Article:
8. When the statement has been concluded it is required to be mentioned i.e. who has examined the witnesses, who has cross-examined him, who were present, whether statement is read over in the language known/understood by the witness, the statement should be true to his knowledge and belief, whether it is voluntary having been given without any threat or inducement, and whether it has been signed by the witness; his counsel, and by the Assessing Officer.
9. The Assessing Officer must not put unnecessary questions e.g. those relating to the private life of the witnesses /assessees which were of no relevance should not be asked.
10. The Assessing Officer should not indulged in unnecessary arguments on the interpretation of law or on facts or in respect of the issues admitted or confirmed by the assessee or on facts which are sufficiently proved by the material on record. (The AO should be discouraged in undertaking such purposeless exercise during cross examination).
11. The AO has to ask direct questions in simple language understood by the witness/Assessee he shuold not waste time by putting irrelevant questions and getting circumlocutory and confusing replies.
12. The AO is required to confront the witnesses/assessees with the apparent contradiction, if any, in the statement recorded by him and in the material available on the record so as to put the assessee witness off guard. It to be noted, where AO has framed the assessment without reconciling the contradiction apparent from facts and material available on record and the oral statement recorded, the assessment is unlikely to stand the test of appeal.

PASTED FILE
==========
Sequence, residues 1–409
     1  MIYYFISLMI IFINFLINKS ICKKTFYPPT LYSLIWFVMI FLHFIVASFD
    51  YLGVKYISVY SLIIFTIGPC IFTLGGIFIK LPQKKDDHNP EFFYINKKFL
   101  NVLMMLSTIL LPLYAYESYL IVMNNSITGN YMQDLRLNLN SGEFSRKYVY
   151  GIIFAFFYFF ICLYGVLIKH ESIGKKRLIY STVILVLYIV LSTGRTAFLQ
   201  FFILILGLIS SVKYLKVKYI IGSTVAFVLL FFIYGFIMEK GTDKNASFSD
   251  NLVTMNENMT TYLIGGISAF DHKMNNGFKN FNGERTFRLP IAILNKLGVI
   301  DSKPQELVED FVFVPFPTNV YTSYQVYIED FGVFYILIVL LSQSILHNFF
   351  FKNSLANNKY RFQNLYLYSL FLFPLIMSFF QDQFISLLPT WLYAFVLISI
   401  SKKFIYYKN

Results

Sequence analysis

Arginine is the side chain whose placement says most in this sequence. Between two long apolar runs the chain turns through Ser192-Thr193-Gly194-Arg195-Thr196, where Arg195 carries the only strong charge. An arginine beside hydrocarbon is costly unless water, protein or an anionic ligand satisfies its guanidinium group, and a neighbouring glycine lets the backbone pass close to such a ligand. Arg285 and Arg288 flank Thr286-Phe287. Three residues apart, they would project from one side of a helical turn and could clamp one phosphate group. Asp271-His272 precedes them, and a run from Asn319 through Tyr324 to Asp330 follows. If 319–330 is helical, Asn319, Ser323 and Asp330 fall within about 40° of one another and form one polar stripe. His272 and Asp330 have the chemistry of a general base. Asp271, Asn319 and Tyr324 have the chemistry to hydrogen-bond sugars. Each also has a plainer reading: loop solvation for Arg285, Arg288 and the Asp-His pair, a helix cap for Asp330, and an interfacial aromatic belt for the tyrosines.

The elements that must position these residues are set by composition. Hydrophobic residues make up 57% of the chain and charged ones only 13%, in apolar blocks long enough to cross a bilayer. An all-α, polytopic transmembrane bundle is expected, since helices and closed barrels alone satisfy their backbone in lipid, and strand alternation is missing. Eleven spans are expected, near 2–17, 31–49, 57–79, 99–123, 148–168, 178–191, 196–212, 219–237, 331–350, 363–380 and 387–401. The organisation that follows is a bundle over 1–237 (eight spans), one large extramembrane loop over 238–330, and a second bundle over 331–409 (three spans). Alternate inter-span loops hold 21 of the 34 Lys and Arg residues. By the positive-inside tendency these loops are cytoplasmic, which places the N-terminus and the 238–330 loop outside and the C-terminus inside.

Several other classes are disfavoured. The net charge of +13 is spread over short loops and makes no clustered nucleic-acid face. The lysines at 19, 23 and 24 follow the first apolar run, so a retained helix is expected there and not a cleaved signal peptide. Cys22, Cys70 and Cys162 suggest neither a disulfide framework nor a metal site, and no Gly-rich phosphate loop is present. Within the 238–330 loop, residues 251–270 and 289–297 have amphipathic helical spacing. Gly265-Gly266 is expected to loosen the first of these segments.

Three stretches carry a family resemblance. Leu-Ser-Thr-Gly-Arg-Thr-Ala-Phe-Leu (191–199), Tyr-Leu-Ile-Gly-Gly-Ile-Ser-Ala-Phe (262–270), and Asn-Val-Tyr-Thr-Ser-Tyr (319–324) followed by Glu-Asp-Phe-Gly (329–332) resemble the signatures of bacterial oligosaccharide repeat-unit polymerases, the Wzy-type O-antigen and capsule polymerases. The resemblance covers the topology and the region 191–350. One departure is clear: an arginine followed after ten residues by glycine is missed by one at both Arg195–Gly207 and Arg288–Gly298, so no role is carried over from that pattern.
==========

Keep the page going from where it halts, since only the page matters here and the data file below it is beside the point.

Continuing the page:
13. The AO should not put questions which are insulting annoying and intimidating.
14. The AO has to cover the chain of events and synthesised the missing links in the course of examination of the witnesses / assessees.
15. The corrections/cuttings on the statements have to be signed by the witnesses / assessees.
16. The AO has to record the questions disallowed by him and reasons for disallowing the questions.
17. The AO is required to give a certified copy of the statement to the assessee on his request. (copy of the statement is not to be given to the witnesses).
18. It is to be noted a witness summoned has no right of representation by counsel. During recording of the evidence, it is open to the Assessing Officer to refuse assistance of a counsel during such examination as was held in. V. Datchinamurty v. Asst. Director of Inspection, (Intelligence) [1984] 149 ITR 341 (Mad) and reiterated by the Supreme Court in a central excise case in Poolpandi v. Superintendent, Central Excise [1992] 62 Taxman 447
19. Further, a deponent on oath has right to read over before affixing his signature and clarify any matter by his own note while signing. Such right should always be allowed to be exercised. If any statement is incorrectly recorded or any correction or clarification is not agreed to be recorded, such correction or rectification should be made immediately, thereafter.
Witness who signs the statement is presumed to be present throughout the proceedings.